According to the World Health Organization (WHO), close to three billion people worldwide – nearly half the global population – rely on open fires and traditional stoves to heat their homes and cook meals. These heating methods rely on biomass for fuel, which is notoriously inefficient, contributes to deforestation and climate change, and produces a large amount of smoke. This exposure to smoke has come with significant health consequences to those who tend to hearth and home, almost all of whom are women and girls.
WHO implicates smoke exposure from cookfires and stoves in close to two million premature deaths per year – surpassing deaths associated with tuberculosis and malaria – and cites these cooking methods as the fifth most serious risk factor for illness in the developing world.
In September 2010, then-Secretary of State Hillary Clinton brought attention to these hazards faced by women in the developing world when she revealed the launch of the Global Alliance for Clean Cookstoves, an initiative undertaken by the U.S. State Department (USDA) in collaboration with the United Nations Foundation. In announcing this public-private partnership that seeks not only to improve health, but also to empower women and combat climate change, Clinton called the initiative a “smart power” foreign policy issue. Clinton said, “By upgrading these dirty stoves, millions of lives could be saved and improved. Clean stoves could be as transformative as bed nets or vaccines.” The goal of the initiative is to promote the introduction and use of clean cookstoves and fuels in 100 million households by 2020, and already a wide range of international organizations have taken steps to achieve this objective.
EcoZoom‘s work implementing clean cookstoves, for example, has spanned the globe from Niger to Nicaragua. EcoZoom is affiliated with Mercy Corps Northwest, and is a for-profit certified Benefit Corporation that leverages its business model for sustainable social good. The success of EcoZoom is due in large part to its collaboration with local stakeholders. As Chief of Operations for EcoZoom, Phil Ferranto, explained in a recent interview, “In many cases, these individuals aren’t aware that improved cookstoves are an option. In this case, we work with either NGOs, carbon finance organizations, or local distributors to craft a message about the benefits of improved cookstoves to reach end consumers.”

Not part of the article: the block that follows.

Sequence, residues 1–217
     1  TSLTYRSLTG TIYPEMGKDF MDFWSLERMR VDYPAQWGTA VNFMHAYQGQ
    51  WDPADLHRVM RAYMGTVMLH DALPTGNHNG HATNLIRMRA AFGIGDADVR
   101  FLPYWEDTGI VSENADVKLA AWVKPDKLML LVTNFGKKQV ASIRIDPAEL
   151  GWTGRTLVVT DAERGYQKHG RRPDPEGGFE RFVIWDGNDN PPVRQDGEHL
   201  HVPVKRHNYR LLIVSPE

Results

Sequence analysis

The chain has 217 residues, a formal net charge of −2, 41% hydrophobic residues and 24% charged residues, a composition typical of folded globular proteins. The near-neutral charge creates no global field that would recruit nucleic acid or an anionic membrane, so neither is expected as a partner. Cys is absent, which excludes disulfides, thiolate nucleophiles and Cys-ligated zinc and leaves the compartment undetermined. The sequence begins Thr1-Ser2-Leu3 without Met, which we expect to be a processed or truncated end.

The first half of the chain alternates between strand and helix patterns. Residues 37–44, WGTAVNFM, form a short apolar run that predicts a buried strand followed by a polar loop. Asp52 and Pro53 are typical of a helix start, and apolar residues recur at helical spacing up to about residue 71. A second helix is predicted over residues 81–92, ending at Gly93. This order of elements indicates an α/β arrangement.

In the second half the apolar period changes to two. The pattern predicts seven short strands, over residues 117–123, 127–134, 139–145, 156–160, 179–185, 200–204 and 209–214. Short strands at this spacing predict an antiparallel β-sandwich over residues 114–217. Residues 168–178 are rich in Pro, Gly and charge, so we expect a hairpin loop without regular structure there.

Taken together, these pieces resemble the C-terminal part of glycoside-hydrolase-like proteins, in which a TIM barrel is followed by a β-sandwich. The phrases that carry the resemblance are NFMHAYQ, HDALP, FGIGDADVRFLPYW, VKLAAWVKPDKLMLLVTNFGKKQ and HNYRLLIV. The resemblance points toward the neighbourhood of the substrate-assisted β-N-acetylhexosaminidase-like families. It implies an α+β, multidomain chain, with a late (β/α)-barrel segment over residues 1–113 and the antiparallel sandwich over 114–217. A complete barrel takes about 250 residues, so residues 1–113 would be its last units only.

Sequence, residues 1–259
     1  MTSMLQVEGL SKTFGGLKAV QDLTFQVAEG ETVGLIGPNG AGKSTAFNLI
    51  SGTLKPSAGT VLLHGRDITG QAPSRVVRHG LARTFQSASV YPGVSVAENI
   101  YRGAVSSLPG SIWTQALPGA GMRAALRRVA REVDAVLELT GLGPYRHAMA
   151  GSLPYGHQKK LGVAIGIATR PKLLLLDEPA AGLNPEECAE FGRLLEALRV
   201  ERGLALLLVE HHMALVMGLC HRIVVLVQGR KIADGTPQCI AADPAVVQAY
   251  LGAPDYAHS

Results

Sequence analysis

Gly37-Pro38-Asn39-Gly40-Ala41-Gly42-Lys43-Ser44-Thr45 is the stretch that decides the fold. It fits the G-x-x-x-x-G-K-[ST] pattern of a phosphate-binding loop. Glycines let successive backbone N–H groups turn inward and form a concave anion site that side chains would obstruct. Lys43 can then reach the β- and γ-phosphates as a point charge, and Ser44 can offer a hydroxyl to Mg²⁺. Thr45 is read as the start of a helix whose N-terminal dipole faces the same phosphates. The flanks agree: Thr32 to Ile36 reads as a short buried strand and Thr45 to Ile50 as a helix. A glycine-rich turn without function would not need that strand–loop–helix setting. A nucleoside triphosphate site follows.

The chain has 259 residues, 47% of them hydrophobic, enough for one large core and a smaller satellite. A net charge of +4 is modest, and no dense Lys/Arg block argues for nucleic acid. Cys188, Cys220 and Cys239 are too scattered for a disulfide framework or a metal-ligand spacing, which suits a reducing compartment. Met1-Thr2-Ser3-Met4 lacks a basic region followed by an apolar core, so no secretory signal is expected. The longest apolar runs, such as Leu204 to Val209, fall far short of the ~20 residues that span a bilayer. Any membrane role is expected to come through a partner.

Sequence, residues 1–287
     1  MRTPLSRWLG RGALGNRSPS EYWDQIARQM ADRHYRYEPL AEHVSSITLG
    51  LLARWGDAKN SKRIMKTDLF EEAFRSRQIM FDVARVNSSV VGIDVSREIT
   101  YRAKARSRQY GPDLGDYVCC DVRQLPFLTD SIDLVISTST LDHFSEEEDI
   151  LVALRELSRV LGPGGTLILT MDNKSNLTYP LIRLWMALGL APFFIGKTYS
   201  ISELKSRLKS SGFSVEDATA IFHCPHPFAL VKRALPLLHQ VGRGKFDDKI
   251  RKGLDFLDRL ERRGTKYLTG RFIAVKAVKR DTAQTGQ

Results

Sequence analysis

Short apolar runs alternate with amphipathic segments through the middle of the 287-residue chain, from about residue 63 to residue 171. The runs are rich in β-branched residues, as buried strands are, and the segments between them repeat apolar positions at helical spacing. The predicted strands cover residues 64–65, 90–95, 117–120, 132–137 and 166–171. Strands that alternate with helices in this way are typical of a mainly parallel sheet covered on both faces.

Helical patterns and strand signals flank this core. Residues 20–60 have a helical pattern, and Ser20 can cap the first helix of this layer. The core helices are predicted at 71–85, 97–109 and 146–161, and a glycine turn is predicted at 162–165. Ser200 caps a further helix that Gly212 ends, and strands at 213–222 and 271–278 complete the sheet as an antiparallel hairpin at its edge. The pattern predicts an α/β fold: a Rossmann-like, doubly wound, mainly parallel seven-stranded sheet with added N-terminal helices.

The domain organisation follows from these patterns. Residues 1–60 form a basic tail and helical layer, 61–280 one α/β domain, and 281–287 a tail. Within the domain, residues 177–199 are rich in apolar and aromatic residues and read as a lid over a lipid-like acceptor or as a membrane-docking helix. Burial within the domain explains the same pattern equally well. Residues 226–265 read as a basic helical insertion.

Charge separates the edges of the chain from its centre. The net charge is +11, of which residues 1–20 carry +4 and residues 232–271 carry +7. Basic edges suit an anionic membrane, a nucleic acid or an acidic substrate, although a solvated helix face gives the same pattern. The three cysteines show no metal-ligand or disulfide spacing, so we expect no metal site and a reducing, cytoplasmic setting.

EcoZoom stoves typically cost between US$20 to US$30. This price is much greater than what most families in the developing world spend on individual loads of biomass fuel, but the long-term savings associated with a stove may be immense. Ferranto says, “Where we like to focus as a social business is in the impoverished commercial markets, where people are spending upwards of US$1 to US$2 per day on charcoal or wood. Our products can cut that outlay by more than half, and up to 70 percent by those who are really good at using the stoves.”
While the focus of EcoZoom and related organizations has been on the developing world, many clean cookstove products are available domestically as well. As summer approaches and people begin to cook outdoors, the question might not be burgers or dogs, but campfire or clean cookstove.